- ‘Crowdsourcing for rapid labor employment’: from UNDP Lebanon
The organisers have committed to providing continued support through collaboration with the teams as they validate their assumptions, engage with the end-users of their various ideas, and prototype their initiatives.
Feedback on the individual tools
Value of the tool: Overall, this tool assisted the participants to think differently about their issue by examining it from a variety of angles.
Limitation of the tool: In general, there was a common recommendation from participants to add more guidance on how to go through the exercise. At the innovation jam, it helped to have Brenton Caffin, Director of Innovation Skills at Nesta, there to guide people through the exercises.
Value of the tool: Although difficult to get through, parts of the tool helped users to expand their understanding of the issue and come up with ‘out-of-the-box’ ideas, even though many of them may not have been applicable in real life. Brenton, who led the exercise, commented that the tool was not about finding a solution, but expanding the way we think. We need to evaluate and challenge our ‘business as usual’ approach and come up how we might invert the way we do things.
Limitation of the tool: Participants found that if their problem statement was too broad, the exercise didn’t work. Groups had to keep making sure they were working with specific statements instead of trying to solve larger problems (which did have benefits in the overall process).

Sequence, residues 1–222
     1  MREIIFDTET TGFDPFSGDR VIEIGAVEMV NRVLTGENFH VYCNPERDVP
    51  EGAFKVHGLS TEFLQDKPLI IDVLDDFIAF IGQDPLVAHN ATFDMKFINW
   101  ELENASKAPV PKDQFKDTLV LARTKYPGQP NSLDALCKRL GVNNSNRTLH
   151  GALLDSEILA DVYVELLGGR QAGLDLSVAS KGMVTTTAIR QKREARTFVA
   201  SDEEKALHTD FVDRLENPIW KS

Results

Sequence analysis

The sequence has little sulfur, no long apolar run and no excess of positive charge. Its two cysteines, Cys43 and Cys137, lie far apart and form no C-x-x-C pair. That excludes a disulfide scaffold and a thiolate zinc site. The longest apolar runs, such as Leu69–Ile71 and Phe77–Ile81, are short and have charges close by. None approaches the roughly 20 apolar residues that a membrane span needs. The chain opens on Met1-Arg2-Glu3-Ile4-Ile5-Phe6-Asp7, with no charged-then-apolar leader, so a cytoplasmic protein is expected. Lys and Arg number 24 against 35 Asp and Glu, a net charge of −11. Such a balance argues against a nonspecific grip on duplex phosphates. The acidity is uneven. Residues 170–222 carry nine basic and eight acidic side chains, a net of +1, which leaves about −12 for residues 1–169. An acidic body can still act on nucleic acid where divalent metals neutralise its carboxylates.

Value of the tool: This tool was helpful for participants to think about/explore areas they wouldn’t necessarily detect right away when looking at the big picture. They were able to identify possible key resources, distribution channels and motivation of partners from the start, which would help in designing project proposals and in implementation.
Limitation of the tool: This exercise was relatively straightforward. Suggestion to add a section on nontraditional partners to prompt participants to think further outside the box when mapping key partners.
Value of the tool: This tool helped participants to figure out between them what the five most important next steps were. It assisted in realistically mapping a timeline of implementation and the chronological order of action items. It also supported the groups to brainstorm which element could be funded by which source.
Limitation of the tool: Suggestion to add guidance on how far into the planning/implementation process this exercise should take participants, and to clarify each column with further explanation.
Overall the participants found that the tools helped them think more openly and creatively than they would normally about on the ground issues, and that the tools prompted a real participatory approach to designing interventions.
As an improvement, they all suggested providing some kind of facilitation guide that would assist in ease of use and effectiveness of outcomes. In this guidance, participants felt it would be good to have suggestions on which tools would be the most appropriate fit for which situations, the pros and cons of each tool, examples on how to use them, the best tools to use directly with end-users and issues to keep in mind when using them.